Did I tell you how much Google sucks … BLAM! Droid phone explodes in man’s head while he is talking on phone.
Emergency department overcrowding takes another life. Short of breath 41 year old Ontario patient dies while sitting in emergency department waiting room for more than 90 minutes. Waits for patients with serious conditions can reach more than 12 hours. Some admitted patients waited more than 26 hours for a hospital bed to open up.
Downright scary emails from Alberta, Canada emergency physician to top Canadian political and health care leaders documenting lack of care in emergency departments. Direct link for .pdf download is here.
Waits of 5.5 hours for a potential stroke victim to get a bed. No tPA for you! Another potential stroke patient leaves after five hours without seeing a physician. A nine hour wait for a patient experiencing seizures. A man dies because he needed emergency brain surgery and couldn’t get it because of “overwhelming systemic overcrowding”. A suicidal patient leaves without seeing a doctor and then returns by ambulance after overdosing on prescription medications. Another patient boarded in the emergency department for an entire week. Patients in the waiting room threatening triage nurses and “screaming that we are letting people die.”
Did I mention that all those patients had national health “insurance”?
Oh just cut the damn payments already. Congress staves off physician Medicare payment cuts … again. Because we’re suddenly going to find hundreds of billions of dollars to make the system solvent in the next 12 months. Next time that we have to read about the same brinksmanship and watch Congress kick the can down the road a few more months: January 2012.
There’s the French Kiss, then there’s the … Sheboygan Chomp. Sheboygan, Wisconsin man ends up in emergency department after wife bites off half his tongue during kiss. The 79 year old victim noted that his 59 year old wife had been “acting strangely” for several days. No argument there.
Louisiana appellate court throws out limit on malpractice awards, stating that the law is discriminatory because lesser-injured patients receive a full payout for damages, while more severely injured patients have their damage awards limited. In this case, a child was awarded $6.2 million, but her award was decreased to the statutory maximum of $500,000. If you were a physician, would this ruling have any effect on your willingness to practice medicine in Louisiana?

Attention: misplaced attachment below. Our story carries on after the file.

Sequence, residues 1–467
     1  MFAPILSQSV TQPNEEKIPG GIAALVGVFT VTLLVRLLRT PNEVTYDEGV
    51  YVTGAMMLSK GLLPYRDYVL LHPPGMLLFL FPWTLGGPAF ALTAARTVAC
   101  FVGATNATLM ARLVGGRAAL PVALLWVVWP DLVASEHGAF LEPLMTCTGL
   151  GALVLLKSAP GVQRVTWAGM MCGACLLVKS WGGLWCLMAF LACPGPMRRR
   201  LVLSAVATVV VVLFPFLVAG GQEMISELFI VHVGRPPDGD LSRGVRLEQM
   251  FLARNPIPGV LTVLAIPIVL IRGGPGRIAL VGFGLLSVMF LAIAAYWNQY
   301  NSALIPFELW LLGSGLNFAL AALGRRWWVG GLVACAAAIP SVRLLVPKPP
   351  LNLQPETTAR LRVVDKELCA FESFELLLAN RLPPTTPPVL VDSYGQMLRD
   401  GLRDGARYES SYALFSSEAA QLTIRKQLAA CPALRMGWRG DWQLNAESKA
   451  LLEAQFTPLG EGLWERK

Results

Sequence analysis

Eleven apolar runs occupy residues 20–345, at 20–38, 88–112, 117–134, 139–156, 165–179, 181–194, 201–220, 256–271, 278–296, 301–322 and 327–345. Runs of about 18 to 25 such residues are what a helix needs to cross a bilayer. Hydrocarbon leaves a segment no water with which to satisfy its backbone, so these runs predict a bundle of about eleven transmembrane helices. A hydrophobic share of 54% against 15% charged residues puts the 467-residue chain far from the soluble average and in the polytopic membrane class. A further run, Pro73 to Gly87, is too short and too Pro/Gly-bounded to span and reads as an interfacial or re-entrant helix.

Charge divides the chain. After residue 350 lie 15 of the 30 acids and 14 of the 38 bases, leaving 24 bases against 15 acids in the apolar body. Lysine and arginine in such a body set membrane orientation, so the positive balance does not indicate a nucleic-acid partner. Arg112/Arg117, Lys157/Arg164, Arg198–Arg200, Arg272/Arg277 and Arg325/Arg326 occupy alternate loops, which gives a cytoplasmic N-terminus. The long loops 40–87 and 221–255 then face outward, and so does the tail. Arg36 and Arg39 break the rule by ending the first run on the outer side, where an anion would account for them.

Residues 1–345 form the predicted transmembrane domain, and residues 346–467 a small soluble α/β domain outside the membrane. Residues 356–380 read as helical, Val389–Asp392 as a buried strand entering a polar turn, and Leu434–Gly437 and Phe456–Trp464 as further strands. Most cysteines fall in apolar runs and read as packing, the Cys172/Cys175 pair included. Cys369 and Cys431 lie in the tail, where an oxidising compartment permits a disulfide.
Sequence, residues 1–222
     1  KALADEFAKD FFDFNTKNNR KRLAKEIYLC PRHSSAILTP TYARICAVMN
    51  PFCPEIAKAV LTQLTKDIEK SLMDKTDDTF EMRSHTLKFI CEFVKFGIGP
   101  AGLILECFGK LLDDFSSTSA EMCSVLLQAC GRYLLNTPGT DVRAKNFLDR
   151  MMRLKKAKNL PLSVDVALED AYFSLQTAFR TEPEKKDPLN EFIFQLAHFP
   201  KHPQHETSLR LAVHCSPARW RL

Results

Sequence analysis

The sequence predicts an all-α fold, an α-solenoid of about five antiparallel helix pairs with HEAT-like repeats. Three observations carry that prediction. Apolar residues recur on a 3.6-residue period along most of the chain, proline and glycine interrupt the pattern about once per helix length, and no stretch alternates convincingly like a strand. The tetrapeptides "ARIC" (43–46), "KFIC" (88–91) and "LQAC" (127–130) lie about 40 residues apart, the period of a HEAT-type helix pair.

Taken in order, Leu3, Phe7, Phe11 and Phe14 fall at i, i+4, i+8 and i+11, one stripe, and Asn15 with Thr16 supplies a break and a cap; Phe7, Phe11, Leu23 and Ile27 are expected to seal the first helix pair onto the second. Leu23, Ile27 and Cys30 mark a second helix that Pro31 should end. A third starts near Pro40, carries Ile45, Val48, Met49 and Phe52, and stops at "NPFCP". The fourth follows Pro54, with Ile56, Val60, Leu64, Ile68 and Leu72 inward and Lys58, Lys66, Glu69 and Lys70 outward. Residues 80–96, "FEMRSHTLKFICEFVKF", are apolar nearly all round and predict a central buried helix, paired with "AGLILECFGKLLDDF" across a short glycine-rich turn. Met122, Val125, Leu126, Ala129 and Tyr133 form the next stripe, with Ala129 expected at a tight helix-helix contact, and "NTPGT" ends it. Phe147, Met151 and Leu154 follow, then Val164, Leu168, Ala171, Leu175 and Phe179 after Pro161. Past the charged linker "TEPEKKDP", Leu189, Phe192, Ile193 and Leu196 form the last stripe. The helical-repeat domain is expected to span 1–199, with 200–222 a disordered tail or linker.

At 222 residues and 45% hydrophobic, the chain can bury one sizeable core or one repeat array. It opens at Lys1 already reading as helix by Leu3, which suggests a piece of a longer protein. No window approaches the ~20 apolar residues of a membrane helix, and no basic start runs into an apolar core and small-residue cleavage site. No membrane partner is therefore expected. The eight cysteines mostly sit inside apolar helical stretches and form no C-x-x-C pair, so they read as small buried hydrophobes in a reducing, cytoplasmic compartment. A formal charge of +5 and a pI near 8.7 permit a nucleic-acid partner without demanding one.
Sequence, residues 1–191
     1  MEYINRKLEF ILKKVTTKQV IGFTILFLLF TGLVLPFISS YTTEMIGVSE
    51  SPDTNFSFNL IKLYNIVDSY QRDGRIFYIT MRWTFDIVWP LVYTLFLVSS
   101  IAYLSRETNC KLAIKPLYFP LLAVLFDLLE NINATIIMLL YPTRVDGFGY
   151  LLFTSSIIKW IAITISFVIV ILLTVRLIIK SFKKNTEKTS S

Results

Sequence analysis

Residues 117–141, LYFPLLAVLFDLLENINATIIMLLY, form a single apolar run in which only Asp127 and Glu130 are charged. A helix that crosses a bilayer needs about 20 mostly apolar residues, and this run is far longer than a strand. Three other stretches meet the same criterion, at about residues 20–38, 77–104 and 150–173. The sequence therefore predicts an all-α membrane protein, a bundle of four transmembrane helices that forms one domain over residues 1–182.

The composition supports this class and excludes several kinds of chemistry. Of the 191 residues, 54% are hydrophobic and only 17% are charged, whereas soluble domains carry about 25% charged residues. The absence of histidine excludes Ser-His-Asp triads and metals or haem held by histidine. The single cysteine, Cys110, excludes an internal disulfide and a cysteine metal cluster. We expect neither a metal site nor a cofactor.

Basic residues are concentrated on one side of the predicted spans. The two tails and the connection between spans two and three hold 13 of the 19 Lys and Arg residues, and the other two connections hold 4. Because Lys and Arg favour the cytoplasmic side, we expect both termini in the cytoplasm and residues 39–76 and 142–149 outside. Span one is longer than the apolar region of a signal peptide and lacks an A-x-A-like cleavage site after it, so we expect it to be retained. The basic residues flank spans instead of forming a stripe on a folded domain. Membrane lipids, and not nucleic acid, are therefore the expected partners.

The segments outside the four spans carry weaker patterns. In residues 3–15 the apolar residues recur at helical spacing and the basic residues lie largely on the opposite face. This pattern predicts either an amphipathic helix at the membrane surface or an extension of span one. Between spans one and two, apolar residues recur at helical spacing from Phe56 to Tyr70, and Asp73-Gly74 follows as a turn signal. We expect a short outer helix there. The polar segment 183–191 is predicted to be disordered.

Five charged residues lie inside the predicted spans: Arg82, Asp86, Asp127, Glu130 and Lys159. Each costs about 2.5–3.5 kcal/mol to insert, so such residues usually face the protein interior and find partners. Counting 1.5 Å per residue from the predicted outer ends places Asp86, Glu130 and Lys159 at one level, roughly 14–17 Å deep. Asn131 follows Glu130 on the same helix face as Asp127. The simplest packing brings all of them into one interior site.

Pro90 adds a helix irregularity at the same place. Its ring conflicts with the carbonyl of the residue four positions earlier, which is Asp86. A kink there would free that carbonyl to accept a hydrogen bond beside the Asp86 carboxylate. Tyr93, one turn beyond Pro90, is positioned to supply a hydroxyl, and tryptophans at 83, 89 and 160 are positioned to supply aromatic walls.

Georgia hospitals considers “program changes” to deal with unpaid medical care. Charity care at the Medical Center of Central Georgia increased by about $30 million in the latest year reported while uncompensated care statewide was estimated at $1.3 billion. I’ve got a better idea. Let’s just create more regulations.
Meanwhile, despite lower patient volumes in 70% of hospitals across the country, according to an American Hospital Association analysis, US community hospitals provided a total of $75 billion in unpaid care in 2009 – a significant increase from prior years. A different AHA survey released the same day showed that hospitals were able to earn a 5% profit margin in 2009.
“English only” or just “No Filipinos allowed”? California hospital establishes an “English only” policy for all of its workers, but then allegedly selectively enforces the policy against Filipinos while allowing Hispanic and Indian nurses to speak their native languages on the job. Now the EEOC has filed a lawsuit over the issue.
Nurses have more back injuries than truck drivers and more than half of nurses have experienced violence on the job. The article describes how nurses in California have been murdered by patients but how no one wants to “criminalize patients.” Give me a break. You touch a police officer or a judge and you’ll be at the Greybar Motel for the 25 year class reunion. You maim a nurse and you get a skate card because no one wants you to have a rap sheet? Must make perfect sense to JCAHO.
There are a lot of interesting statistics at the end of this article. Another tidbit: According to the U.S. Bureau of Labor Statistics, the healthcare industry constitutes 45 percent of the two million incidents of U.S. workplace violence between 1993 and 1999 — the highest of all work sectors.